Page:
Delhi: Notice to 34 hospitals for not treating poor for free
Delhi Government issued notices to 34 private hospitals in city for not complying with court directive of providing free treatment to poor patients.
New Delhi: Delhi Government on Friday issued notices to 34 private hospitals in the city for not complying with court directive of providing free treatment to the poor patients.
All private hospitals which were given government land at concessional rates are required to reserve 25 per cent of their out-patient department capacity and 10 per cent of beds for free treatment of the poor.
"We have issued notices to 34 defaulting private hospitals for not fully complying with the directions of the Supreme Court and Delhi High Court with regard to providing free treatment to patients from economically weaker sections," Healthy Minister A K Walia said.
43 private hospitals are required to comply with the directive.
Major hospitals which have been issued notices include Dharamshila Hospital and Research Centre, Fortis Escorts Heart Institute, Max Super Speciality hospital (East Block, Devki Devi) in Saket, Indian Spinal Injuries Centre, G M Modi Hospital, Primus Super Speciality hospital, Batra hospital, Jeewan Anmol hospital, Bensups hospital, R B Seth Jessa Ram hospital, Rockland Hospital and Fortis hospital in Vasant Kunj.
Walia said eight hospitals were found to to be fully complyig with the directions of the courts. These hospitals are Sri Balaji Action Medical Institute, Max Super Speciality hospital in IP Extension, Bimla Devi Hospital, Venu Eye Institute, Vinayak hospital, Sir Ganga Ram hospital, Bhagwati hospital and Bhagwan Mahavir hospital.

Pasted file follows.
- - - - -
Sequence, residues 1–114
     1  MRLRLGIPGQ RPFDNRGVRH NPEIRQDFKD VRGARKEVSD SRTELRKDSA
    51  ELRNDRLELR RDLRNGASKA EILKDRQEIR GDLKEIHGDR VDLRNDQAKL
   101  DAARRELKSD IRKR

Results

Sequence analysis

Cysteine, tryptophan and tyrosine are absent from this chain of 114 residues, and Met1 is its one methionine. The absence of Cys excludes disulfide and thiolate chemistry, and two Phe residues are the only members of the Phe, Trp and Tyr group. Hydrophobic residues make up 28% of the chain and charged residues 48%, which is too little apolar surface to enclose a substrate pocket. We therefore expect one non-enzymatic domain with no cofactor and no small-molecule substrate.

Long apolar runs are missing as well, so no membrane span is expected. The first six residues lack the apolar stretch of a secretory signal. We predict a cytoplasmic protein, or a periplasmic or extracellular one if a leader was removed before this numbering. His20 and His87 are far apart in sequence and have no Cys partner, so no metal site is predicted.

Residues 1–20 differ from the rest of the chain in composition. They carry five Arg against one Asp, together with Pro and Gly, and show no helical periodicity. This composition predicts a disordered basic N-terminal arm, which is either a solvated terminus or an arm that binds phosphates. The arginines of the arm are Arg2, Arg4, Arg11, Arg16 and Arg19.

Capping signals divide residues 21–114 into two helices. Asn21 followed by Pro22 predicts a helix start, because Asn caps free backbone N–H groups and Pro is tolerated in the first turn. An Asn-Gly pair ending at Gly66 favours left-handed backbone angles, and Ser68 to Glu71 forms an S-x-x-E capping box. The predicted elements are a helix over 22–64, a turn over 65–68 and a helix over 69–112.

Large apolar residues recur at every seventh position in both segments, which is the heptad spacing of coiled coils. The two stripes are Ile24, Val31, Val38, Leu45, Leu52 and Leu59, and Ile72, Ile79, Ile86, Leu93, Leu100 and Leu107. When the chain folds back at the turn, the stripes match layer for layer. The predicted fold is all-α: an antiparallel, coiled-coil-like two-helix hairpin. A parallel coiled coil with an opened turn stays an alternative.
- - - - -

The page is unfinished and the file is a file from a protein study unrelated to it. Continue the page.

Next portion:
The Minister said recently government has included Sitaram Bhartia Institute of Science and Research, Jivodaya hospital and Guru Harkishan hospital in the list of private hospitals requiring to provide free treatment to poor patients.
"Delhi Government is committed to fully implement the directions of the courts so that the poor patients benefit," he said adding medical superintendents of government hospitals have been told to refer more poor patients to private hospitals.
A Monitoring Committee constituted by Delhi Government inspects the private hospitals to monitor compliance of the court orders.
Walia said a total of 9,99,136 poor patients were treated in out-patient departments of the private hospitals while 24,207 patients were treated as indoor patients in 2011-12.
Any patient who is a citizen of the country and has a monthly family income less than the minimum wages of an unskilled worker which is presently Rs 7,254 is considered eligible to get free treatment in the private hospitals.
Patients carrying BPL or Antodaya Anna Yojna card are also eligible to get the free treatment.